UK water industry: How does it work?

Water tap Image copyright Thinkstock

Multiple companies provide water in the UK, within regulatory regimes that differ between the nations. After thousands of people have been left without water in Northern Ireland because of an industrial dispute, BBC News looks in detail at how the system works.


The water industry in England and Wales is regulated by Ofwat. The regulator has a duty to protect customers' interests, ensure that companies carry out their functions correctly and sets water prices.

Ofwat says that there are 18 water companies in England and Wales, 10 of which have licences to provide water and sewage services while eight provide only water services.

Following the privatisation of the water industry in 1989, most of the companies operating in England and Wales are privately owned. However, the companies' precise ownership structures differ.

United Utilities, Dee Valley Water and Severn Trent Water are among a group of publicly-listed entities.

Thames Water is privately owned with investors including the Australian Bank Macquarie and the BT pension fund.

Water UK says that customers that consume more than five million litres of water are free to choose their water provider.


From a regulatory perspective Wales is treated as part of the same jurisdiction as England, with water companies overseen by Ofwat.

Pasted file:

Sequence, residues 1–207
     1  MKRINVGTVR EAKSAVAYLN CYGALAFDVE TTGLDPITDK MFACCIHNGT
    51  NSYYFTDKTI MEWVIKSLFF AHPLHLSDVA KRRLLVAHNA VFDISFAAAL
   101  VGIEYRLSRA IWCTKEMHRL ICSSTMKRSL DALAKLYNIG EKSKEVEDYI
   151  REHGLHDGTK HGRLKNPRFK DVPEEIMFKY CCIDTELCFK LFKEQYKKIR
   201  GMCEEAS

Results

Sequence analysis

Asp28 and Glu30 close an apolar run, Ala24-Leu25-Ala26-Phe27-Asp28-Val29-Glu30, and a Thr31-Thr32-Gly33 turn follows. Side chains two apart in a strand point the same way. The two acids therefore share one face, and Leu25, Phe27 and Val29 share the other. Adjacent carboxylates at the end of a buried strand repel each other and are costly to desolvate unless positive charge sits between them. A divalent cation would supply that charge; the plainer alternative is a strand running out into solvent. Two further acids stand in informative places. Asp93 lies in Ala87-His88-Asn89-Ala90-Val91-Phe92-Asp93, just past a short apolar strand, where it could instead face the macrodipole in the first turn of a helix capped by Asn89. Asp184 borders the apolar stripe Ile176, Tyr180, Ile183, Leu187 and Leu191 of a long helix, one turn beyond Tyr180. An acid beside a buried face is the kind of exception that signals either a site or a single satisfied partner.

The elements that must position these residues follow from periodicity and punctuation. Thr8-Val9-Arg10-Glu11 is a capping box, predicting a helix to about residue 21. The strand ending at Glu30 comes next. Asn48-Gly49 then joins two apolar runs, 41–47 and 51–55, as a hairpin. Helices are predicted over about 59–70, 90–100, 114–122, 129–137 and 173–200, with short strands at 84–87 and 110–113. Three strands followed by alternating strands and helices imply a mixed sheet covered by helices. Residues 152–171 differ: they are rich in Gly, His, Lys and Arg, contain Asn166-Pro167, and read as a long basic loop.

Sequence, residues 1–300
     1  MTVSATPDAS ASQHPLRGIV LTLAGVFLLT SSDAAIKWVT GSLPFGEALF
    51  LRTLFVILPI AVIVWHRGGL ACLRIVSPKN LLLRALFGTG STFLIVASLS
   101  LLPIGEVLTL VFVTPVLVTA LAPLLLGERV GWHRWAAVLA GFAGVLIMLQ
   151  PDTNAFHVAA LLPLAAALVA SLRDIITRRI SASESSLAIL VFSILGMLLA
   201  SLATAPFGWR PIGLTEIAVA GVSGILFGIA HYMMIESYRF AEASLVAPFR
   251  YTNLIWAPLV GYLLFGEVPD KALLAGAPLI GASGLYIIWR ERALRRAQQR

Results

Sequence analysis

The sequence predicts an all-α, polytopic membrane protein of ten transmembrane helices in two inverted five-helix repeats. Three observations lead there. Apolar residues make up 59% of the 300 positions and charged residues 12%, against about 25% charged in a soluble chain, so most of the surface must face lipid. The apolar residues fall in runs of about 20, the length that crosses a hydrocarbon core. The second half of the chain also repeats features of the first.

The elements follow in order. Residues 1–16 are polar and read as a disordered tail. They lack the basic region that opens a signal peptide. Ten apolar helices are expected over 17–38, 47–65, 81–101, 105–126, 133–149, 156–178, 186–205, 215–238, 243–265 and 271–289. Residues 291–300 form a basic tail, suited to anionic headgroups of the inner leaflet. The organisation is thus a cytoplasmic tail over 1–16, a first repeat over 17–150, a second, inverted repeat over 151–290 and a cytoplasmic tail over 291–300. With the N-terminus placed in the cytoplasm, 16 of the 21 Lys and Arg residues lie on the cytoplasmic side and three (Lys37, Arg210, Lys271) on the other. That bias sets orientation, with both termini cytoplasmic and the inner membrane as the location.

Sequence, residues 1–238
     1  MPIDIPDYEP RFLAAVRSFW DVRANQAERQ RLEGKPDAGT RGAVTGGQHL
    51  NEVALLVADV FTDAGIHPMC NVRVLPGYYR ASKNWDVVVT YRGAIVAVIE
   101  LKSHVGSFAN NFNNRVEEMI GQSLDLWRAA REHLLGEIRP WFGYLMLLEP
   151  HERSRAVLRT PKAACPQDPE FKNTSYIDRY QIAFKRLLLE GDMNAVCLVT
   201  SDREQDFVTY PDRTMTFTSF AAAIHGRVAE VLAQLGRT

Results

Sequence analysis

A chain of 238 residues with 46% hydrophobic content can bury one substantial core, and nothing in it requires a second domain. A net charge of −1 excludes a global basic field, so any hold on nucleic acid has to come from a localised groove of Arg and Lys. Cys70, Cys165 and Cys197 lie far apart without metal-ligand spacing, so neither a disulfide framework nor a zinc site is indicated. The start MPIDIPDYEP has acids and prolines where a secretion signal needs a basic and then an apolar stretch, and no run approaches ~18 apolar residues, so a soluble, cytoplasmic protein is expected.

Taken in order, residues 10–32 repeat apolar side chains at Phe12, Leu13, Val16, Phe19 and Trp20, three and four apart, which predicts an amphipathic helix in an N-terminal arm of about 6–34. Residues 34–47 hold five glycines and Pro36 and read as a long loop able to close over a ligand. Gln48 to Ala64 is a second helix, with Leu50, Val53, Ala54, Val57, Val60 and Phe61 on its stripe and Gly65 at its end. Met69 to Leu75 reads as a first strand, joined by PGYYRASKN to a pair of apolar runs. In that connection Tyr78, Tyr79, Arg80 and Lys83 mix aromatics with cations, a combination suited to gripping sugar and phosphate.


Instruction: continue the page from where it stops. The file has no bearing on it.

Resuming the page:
The main water and sewage company operating in Wales is Welsh Water, a private company limited by guarantee. That means that the company does not have any shareholders and profits are reinvested into the business.

Welsh Water describes itself as the largest provider of water and sewage in Wales and the sixth largest in the UK.

Other companies, such as Dee Valley, also operate in Wales.

Northern Ireland

Image caption Customers without water in County Tyrone visit a collection point

All water and sewerage services in Northern Ireland are provided by Northern Ireland Water. This was established as a government-owned company in April 2007.

The Department for Regional Development, in the devolved administration, is the water company's sole shareholder.

The Utility Regulator, which supervises the gas and electricity sectors, also regulates the water industry in Northern Ireland.

Unlike the rest of the UK, where customers pay for their water provision, Irish households have their water funded by direct subsidy from the Northern Irish Assembly.

There were plans to introduce customer-funded charges in 2007 but these have been deferred.

Non-domestic customers in Northern Ireland do not receive a government subsidy for their water provision.


Scotland has one publicly-owned water and sewage company, called Scottish Water. The company provides water to Scottish households and is answerable to the Scottish Parliament. Customer charges are based on the council tax band of their home and are collected as part of the council tax payment.

However, since April 2008 non-household customers, such as large companies, are free to choose their water and sewage provider.

Water UK says that, as of 2013, 11 companies held a water and/or sewage licence in Scotland. Scottish Water acts as wholesaler to the retail market, where water services are available from licensed providers.

The Scottish water industry is overseen by the Water Industry Commission for Scotland, or WICS.